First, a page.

Why? Many reasons, which are beyond the scope of this article, but much of the argument comes down to workforce mobility and economic fluidity. On a macroeconomic level, you want to match workers and employers based on maximum skill match, not based on what happens to be available within a half-hour radius of where a person is permanently affixed.
Homeowners also tend toward a “NIMBY”—Not In My Backyard—mentality that can block more rational zoning measures and urban planning. There’s also evidence linking homeownership with longer commutes, higher congestion, and more fossil fuel usage.
Liberals also condemn the widening wealth gap between homeowners and renters (more on that momentarily).
But the point is that U.S. politics have been dominated by the view that homeownership is worth encouraging. It’s popular, it’s mainstream, and on the individual level, there are pronounced benefits.
This prevailing populist approach is how the mortgage interest deduction and the property tax deduction came about. Not everyone is so taken with them, however.
The Liberal Argument for a More Level Field
The most recent Federal Reserve data hasn’t been released yet, but economists estimate that it will show the average net worth of U.S. homeowners ($225,000) will be 45 times higher than that of renters ($5,000).
Liberals don’t like to see discrepancies like that. It makes them ask questions like, “Why do our fiscal policies offer tax advantages to already-advantaged groups like homeowners?”
And liberal economists? They hate the mortgage interest deduction. They assert that it disproportionately rewards the wealthy, providing no benefits to the poor at all.
Then there’s the tax money that liberal economists would rather see collected by the federal government. It’s estimated that the mortgage interest deduction will leave $63.6 billion in the wallets of homeowners rather than Uncle Sam this year.
So, what happens if you double the standard deduction? As outlined above, most homeowners and renters would receive the same tax deduction—except the wealthiest Americans would still see outsize benefits from the deduction. Cue the liberal outrage.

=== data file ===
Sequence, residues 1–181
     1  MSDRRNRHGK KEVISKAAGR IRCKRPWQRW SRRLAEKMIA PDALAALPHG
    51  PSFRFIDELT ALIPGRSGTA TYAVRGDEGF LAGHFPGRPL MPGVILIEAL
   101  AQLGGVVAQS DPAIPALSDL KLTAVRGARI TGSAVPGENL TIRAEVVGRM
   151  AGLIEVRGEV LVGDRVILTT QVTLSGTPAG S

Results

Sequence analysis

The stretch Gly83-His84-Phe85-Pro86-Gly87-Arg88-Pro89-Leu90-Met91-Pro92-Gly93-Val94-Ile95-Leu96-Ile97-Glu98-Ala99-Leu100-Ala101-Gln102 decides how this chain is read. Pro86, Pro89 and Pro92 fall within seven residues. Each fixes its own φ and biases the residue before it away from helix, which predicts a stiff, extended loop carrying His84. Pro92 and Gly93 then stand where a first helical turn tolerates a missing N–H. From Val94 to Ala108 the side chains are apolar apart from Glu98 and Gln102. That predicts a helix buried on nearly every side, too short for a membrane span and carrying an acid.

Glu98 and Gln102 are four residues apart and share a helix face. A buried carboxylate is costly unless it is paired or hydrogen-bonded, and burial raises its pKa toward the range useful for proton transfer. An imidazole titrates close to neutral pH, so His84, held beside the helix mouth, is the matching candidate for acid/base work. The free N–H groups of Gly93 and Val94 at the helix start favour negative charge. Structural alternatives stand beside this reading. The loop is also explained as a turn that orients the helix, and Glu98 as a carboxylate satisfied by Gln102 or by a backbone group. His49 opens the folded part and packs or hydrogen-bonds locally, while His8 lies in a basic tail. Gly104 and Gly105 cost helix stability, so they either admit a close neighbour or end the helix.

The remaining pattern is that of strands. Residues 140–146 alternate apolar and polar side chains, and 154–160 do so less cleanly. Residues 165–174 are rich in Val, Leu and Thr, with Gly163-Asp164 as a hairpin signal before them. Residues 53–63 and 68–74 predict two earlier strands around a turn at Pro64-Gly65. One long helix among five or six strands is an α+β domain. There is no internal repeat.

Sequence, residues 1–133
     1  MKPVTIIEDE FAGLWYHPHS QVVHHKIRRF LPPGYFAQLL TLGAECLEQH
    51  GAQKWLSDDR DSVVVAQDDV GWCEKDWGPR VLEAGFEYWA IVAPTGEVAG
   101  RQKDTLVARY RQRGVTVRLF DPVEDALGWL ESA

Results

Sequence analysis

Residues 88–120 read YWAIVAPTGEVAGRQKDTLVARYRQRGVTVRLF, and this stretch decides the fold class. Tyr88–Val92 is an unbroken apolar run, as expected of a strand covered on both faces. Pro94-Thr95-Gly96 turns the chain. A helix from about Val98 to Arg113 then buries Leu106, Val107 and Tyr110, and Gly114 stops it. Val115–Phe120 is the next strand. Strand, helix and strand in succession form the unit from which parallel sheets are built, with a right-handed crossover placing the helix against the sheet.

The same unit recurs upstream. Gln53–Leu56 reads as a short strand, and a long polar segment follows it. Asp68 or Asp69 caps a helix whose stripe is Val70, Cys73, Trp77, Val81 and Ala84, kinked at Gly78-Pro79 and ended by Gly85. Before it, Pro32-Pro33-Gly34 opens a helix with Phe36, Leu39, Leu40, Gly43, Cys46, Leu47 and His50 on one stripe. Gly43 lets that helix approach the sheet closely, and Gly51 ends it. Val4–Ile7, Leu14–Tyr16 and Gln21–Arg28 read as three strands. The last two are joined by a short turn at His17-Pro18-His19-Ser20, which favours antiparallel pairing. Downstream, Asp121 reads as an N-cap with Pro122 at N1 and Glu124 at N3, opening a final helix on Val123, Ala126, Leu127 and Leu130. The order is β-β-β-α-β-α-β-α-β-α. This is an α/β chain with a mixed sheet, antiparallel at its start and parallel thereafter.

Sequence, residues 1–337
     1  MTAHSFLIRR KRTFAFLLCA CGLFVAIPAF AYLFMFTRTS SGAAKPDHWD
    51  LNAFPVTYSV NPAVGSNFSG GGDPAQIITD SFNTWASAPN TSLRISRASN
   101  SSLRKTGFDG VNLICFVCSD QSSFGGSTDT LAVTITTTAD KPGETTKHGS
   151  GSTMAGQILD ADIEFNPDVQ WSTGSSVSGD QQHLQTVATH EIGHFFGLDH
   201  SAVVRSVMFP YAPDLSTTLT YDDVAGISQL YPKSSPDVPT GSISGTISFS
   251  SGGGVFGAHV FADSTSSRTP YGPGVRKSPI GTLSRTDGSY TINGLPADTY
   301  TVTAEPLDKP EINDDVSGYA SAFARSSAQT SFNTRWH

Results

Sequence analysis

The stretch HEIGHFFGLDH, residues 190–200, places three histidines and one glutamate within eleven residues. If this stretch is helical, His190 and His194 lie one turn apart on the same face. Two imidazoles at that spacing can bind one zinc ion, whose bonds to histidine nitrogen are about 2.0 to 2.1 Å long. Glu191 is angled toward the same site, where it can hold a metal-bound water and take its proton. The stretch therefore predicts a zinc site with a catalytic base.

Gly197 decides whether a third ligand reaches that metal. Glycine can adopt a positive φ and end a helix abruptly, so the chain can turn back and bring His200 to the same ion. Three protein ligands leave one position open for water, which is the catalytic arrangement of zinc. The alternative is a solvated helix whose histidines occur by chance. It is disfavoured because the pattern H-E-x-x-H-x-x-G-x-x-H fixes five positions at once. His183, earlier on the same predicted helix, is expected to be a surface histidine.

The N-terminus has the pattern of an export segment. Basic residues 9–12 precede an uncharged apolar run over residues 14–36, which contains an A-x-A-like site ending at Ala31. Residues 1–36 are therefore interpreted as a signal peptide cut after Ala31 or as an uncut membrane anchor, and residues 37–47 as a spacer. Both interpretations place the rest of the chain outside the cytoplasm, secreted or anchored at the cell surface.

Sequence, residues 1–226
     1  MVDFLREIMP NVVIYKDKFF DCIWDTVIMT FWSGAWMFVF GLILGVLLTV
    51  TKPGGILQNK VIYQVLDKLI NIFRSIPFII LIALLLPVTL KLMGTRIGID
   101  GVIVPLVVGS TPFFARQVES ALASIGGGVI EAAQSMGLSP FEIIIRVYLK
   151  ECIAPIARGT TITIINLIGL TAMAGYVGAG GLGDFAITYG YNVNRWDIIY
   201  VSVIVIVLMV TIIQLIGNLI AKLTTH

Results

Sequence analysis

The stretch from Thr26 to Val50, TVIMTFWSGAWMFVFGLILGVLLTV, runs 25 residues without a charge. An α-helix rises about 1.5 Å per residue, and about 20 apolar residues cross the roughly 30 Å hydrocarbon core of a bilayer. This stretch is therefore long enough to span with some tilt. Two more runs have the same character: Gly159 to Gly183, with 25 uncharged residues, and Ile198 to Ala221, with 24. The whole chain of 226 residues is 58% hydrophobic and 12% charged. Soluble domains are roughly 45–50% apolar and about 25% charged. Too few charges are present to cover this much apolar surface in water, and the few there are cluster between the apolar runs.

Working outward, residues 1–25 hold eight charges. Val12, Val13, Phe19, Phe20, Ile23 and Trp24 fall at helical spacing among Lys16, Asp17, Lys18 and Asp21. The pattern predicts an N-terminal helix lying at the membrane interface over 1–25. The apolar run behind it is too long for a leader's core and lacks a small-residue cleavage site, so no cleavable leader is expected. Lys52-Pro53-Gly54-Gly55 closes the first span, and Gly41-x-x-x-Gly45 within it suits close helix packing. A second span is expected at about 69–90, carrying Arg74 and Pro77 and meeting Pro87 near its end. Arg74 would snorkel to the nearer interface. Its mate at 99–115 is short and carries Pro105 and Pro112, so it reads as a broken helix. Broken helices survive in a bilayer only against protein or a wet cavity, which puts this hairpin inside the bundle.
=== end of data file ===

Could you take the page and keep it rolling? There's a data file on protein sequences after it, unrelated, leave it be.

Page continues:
How wealthy would you have to be to benefit from the mortgage interest deduction? Under Trump’s plan, it would take a mortgage of at least $608,000. That’s nearly three times higher than the median home price in the US.
Liberals may not be happy that the deduction still exists, but they like that fewer homeowners would receive tax benefits not available to lower-income Americans.
And it gets better for them: Housing becomes more affordable.
Economists Estimate Trump’s Plan Would Cause Home Values to Drop
Moody’s Analytics have forecast a 4% drop nationwide for home values and even more in high-price cities. The National Association of Realtors is even more concerned, estimating a 10% average drop in home values.
That’s music to the ears of progressive proponents of affordable housing (at least until their own home equity drops).
For homeowners, real estate investors and the broader real estate industry? Not quite so musical. More akin to a loud belch in church.
Still, it raises some important questions about what is “normal” home pricing. Were home values “normal” after the housing crash in 2011? Are they “normal” today? Maybe at some point in between, based on some arbitrary wage/home price ratio?
You’ll get a different answer from an affordable housing activist in Queens than you will from a businesswoman on the Upper East Side. In other words, it’s more a matter of political opinion and your existing housing status than it is an easy consensus for economists.
So Wait, Are These Tax Changes Good or Bad?
Likewise, plan on different answers from, well, just about everyone.
But it’s worth mentioning that Trump’s tax “plan” reads more like a wish list—you better believe that Congress will have their own agenda and the final proposed bill will look very, very different. There are plenty of politicians across the political spectrum eager to start crossing through and replacing line items.
I believe that taxes can and should be used to sculpt behavior among a population. Governments should offer deductions and tax credits for behaviors they want citizens to do more of (e.g. charitable donations, long-term investments, sustainable energy investments, etc.). They should also tax the heck out of behaviors they want citizens to do less of: smoking, eating fast food, etc.
For policy pragmatists who share that view, the question then becomes: Is homeownership a behavior to reward or not?
That, my friends, is the trillion-dollar question.